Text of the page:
The Melt, a fast-growing eatery invented by the creator of the Flip video camera system, has some interesting new ideas about selling and delivering food in their stores.
While flat-panel TVs are in many bars and restaurants, patrons eyes at The Melt seem fixed on their "Order Board" display in the store or through their smartphone (note the QR code at the pickup counter). Anyone who has stood at one of Apple's Genius Bars knows the feeling of watching their appointment come up. The similarity to Apple might be due to Ron Johnson's presence on The Melt's Board of Directors.
Another striking similarity with Apple's retail vision is the Personal Pickup option. Apple customers use their smartphone to place orders and pay in advance using their iTunes account, then pick up their items in the store.
According to their marketing literature, "The Melt uses mobile technology that allows customers to remotely place a meal order from their computer or mobile phone and pick it up at any Melt location, always hot and ready, anytime. Every Melt location knows about every customer order, so a customer never needs to decide when or where to pick up their meal. After ordering, the customer will receive a QR code on their smartphone that can be scanned at any restaurant location, allowing them to skip the line and pick up their freshly-made order within minutes."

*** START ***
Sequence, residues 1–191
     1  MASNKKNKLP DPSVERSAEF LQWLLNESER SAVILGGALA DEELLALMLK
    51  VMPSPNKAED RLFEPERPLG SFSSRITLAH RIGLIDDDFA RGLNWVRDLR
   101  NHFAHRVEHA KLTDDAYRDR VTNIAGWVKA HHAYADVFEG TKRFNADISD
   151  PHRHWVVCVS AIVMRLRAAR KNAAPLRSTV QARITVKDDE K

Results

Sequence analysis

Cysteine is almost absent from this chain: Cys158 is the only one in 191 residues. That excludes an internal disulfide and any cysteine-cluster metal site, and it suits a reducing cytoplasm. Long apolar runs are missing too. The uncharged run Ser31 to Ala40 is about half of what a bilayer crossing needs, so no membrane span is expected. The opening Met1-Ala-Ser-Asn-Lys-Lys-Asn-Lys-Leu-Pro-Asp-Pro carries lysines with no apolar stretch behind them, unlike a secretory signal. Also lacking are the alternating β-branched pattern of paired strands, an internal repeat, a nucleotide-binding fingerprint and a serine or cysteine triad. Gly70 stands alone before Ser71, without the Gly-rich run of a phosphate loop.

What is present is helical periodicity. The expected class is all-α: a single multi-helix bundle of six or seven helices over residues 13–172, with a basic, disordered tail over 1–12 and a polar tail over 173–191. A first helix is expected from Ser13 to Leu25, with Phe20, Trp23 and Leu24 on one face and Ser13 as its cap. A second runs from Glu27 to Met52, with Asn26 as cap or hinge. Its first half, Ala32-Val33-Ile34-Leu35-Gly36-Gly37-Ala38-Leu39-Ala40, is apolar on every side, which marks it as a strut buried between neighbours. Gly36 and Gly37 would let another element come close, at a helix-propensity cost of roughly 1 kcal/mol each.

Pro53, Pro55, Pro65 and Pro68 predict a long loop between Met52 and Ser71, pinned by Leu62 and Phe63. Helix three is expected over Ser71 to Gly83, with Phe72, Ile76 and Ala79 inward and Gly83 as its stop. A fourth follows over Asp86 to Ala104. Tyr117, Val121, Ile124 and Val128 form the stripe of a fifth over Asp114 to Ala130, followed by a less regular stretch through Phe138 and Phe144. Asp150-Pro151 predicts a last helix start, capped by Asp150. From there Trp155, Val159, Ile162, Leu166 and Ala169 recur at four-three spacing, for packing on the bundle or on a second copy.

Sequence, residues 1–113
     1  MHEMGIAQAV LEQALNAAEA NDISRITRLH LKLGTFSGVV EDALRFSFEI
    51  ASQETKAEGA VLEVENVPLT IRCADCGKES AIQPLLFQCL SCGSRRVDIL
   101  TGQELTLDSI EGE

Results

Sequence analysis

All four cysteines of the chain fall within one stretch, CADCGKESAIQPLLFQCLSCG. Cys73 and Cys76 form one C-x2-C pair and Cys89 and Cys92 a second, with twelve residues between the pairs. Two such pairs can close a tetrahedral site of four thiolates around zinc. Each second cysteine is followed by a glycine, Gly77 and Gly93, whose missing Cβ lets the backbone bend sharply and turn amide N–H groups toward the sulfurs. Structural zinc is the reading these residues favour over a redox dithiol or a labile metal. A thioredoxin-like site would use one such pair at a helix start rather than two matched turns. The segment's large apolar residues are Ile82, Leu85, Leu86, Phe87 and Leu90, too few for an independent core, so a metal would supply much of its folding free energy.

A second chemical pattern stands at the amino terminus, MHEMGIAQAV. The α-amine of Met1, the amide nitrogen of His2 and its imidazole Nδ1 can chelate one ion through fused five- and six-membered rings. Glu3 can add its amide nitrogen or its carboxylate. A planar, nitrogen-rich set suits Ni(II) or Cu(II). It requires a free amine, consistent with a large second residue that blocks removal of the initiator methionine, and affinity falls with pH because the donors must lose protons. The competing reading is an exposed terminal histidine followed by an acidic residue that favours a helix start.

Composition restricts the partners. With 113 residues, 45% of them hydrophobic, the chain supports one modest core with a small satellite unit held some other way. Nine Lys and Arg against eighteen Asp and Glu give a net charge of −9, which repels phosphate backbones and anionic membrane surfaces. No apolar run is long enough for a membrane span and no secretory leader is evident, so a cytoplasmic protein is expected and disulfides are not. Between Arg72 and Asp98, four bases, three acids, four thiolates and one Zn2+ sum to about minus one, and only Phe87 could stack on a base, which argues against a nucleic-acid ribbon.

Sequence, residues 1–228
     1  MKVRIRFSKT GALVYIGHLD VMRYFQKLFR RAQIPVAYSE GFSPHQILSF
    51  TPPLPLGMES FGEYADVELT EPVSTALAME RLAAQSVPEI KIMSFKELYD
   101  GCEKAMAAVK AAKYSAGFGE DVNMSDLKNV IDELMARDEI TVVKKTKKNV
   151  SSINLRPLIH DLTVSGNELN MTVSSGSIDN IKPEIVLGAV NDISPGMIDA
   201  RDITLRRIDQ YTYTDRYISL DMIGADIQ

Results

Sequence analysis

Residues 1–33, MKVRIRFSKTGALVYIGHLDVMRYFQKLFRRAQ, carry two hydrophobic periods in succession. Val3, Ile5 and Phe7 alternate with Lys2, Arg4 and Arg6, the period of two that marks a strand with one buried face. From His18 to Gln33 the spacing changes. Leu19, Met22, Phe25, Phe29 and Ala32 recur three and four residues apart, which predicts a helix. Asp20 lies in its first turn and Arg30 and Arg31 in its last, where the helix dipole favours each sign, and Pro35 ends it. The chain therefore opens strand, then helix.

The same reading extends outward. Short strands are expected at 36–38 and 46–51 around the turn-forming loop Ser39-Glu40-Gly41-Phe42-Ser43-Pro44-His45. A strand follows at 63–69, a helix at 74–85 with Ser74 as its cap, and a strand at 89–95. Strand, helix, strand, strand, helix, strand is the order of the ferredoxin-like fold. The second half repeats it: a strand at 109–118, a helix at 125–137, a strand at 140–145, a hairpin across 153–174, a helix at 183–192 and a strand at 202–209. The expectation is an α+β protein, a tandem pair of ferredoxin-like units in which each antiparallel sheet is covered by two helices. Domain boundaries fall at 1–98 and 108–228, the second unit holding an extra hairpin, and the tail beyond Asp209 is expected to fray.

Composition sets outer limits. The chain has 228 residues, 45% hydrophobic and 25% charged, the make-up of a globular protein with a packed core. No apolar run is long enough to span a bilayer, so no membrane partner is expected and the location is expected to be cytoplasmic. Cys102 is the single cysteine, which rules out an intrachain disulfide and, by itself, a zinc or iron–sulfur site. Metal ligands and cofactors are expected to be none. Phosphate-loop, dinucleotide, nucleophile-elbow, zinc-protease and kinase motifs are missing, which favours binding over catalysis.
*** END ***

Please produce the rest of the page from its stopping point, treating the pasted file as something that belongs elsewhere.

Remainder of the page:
While the store experience is important, the taste of the food has to match. Other food services startups are attempting to bring good food to customers in a streamlined way. Lyfe Kitchen is testing their systems and menus and could benefit from an Order Board and smartphone ordering.
The infrastructure for remote ordering, displaying pickup queues on Order Boards, etc are slowly coming forward. Yorder has deployed in-stadium purchasing using PayPal and their smartphone apps. Customers can watch a baseball game, use their smartphone to order and have their food brought to their seat. Yorder has developed the back end systems to enable any mobile kitchen or food truck to receive smartphone orders for pick-up or delivery.
We think it's worth paying attention to these experiments.